"The Man They Wanted Me to Be" is part memoir, part cultural/sociological study, and part sequel/companion volume to "The People Are Going to Rise". (Sexton refers to some of the same events & observations he made in that earlier book here.) Sexton believes that the "dark heart" of the rage he witnessed during the 2016 election campaign and beyond is primarily expressed by privileged white males, personified by Donald Trump.
Sexton takes a long, hard look at the issue of toxic masculinity through the lens of his own life story. He grew up amid poverty and domestic violence in Indiana, raised by a single mother. His father lived nearby but was mostly absent in his life until he was a teenager; he had a succession of three stepfathers who abused him as well as his mother. Sexton struggled to live up to his family's and community's expectations of what a boy/man should be:
To my relatives I was "different," a word I'd heard then use in a suspicious voice whenever they thought I was out of earshot. They were uncomfortable around me, thrown off by how I spoke and how often I'd ask questions that required more than a monosyllabic "yes" or "no," or one of their customary grunts or groans women had learned to translate out of necessity. I talked about feelings, read books, and when I played with my toys, even the action figures and robots that all came with missiles and machine guns, they spent more time communicating than battling each other. (pp. 4-5)I've read a bit about toxic masculinity in the past, but most often in the context of feminism and how it affects women. It was intriguing to read a well-written, thoughtful take on the subject by a male author who has lived with it and been profoundly affected by it. I was reminded a bit, as I read, of "Hillbilly Elegy" by J.D. Vance, which I read two summers ago & reviewed here. (Vance grew up in a working-class family in Ohio, the son of a teenaged mother who became a drug addict & went through numerous marriages & boyfriends. With the support of his grandparents, aunt & some caring teachers, Vance eventually joined the Marines and then attended university, including law school at Yale.)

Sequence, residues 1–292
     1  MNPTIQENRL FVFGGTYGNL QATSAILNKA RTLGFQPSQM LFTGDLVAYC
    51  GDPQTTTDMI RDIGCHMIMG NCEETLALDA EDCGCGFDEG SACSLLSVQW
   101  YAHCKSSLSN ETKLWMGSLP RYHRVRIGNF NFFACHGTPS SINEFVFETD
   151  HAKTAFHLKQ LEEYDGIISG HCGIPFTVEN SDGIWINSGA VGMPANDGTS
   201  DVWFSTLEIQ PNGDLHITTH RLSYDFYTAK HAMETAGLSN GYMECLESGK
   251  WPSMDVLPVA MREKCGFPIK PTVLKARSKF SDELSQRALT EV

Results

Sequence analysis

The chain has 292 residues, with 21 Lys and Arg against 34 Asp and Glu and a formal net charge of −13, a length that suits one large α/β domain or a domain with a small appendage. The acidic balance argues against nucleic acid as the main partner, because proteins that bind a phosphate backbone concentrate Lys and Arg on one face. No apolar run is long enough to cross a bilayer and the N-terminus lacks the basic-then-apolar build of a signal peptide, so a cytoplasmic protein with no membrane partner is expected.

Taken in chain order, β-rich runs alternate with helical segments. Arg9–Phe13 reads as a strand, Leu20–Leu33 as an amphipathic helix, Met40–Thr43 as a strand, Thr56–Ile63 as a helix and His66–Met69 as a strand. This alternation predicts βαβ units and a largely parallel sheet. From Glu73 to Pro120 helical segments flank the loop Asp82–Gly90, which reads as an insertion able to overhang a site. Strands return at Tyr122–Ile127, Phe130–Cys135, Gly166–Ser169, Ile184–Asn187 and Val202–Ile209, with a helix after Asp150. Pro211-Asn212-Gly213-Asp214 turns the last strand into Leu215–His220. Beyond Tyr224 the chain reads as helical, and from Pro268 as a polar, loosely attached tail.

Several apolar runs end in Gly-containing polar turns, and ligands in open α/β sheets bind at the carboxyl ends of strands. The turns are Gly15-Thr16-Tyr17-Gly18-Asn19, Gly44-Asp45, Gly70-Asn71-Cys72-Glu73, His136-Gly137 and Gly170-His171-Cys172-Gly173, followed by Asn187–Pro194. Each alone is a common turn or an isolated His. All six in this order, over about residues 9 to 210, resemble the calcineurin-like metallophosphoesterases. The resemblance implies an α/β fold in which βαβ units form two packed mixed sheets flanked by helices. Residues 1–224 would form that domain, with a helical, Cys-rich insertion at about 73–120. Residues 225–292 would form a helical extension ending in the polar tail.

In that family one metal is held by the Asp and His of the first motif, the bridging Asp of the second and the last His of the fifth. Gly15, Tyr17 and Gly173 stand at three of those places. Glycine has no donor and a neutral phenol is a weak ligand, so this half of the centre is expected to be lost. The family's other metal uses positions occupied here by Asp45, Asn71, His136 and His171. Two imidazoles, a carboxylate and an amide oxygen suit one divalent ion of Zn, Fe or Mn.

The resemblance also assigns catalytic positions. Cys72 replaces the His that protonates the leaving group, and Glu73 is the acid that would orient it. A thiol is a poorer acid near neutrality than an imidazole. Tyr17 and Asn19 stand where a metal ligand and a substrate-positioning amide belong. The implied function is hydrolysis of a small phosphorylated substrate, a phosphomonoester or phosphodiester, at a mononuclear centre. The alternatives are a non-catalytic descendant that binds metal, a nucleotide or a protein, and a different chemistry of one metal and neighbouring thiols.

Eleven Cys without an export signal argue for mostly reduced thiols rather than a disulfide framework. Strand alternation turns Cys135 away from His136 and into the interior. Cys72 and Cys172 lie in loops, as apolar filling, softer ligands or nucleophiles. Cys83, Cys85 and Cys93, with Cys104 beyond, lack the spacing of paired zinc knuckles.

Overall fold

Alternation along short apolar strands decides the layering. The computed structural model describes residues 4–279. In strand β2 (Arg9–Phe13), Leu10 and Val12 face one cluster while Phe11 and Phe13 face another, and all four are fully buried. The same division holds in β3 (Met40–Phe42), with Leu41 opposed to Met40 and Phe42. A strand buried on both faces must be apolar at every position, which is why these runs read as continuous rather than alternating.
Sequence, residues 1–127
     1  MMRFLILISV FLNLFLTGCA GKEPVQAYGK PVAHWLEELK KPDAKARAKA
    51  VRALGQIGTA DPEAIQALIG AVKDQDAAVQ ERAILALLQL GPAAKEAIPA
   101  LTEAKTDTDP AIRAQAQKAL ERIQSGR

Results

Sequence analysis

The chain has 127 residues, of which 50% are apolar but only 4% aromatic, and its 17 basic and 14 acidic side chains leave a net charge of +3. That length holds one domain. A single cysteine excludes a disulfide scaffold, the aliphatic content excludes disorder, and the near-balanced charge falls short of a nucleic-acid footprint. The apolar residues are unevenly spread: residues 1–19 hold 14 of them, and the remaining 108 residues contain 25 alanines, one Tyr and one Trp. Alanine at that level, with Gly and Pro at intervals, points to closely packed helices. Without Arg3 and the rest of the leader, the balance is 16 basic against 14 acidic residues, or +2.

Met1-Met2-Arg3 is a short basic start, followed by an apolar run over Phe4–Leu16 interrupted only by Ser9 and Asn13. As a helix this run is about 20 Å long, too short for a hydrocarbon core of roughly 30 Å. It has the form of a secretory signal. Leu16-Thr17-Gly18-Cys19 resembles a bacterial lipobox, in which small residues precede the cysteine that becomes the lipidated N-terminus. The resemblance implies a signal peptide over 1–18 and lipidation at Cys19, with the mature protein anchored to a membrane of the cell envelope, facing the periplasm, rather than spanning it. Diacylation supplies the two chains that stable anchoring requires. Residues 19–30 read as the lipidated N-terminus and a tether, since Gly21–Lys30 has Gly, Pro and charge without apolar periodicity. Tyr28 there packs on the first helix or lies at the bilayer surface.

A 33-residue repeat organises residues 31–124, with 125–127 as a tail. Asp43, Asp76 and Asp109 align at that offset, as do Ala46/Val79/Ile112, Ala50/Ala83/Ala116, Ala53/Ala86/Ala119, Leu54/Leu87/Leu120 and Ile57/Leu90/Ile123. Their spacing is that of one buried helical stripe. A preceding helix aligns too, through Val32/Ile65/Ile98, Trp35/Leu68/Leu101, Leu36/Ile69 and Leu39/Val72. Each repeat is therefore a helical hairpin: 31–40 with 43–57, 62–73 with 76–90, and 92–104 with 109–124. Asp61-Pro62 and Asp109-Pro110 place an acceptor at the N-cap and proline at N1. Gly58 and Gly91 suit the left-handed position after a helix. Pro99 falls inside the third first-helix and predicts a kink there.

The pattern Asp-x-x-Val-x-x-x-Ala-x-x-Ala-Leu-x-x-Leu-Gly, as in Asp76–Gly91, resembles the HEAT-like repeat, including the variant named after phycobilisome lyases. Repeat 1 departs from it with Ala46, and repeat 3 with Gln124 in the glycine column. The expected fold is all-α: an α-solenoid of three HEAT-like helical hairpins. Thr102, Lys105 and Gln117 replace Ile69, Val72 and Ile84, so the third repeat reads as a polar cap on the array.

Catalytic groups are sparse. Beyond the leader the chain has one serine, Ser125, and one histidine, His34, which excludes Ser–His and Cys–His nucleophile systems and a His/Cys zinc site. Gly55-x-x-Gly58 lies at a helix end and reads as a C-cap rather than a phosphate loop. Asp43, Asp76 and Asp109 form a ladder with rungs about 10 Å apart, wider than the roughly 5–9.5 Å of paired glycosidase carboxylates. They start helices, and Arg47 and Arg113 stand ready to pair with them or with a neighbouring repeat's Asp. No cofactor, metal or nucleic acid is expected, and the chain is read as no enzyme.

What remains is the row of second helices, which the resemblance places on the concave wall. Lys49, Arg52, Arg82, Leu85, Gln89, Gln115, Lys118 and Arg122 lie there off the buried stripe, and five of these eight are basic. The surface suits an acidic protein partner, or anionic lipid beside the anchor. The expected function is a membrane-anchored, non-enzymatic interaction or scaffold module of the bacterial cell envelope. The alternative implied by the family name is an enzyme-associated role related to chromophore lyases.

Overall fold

Sexton's story -- the abuse he endured as a child, his self-destructive behaviour as a teenager & young adult, and his near-suicide -- is hard to read at times. His hospital visit with his dying father, who gave him his blessing to take a job in far-off Georgia, had me in tears. I was happy to see that, near the end, he offers some thoughts on how change can be facilitated. He admits to being both annoyed and puzzled by his students ("Already, at thirty-seven, I'm of the age where I can barely stand the popular culture of the day," he writes on page 238)(lol) -- but he recognizes that young millennials are far more flexible when it comes to gender issues than previous generations. In them, he sees hope for a better future.
This is an important and impressive book. It deserves to be read & discussed widely -- by men in particular (although we know, sadly, most of them probably won't pick it up...!). I gave it five stars on Goodreads.
This was book #21 that I have read in 2019 to date, bringing me to 88% of my 2019 Goodreads Reading Challenge goal of 24 books. I am (for the moment, anyway...!) 10 (!!) books ahead of schedule to meet my goal. :)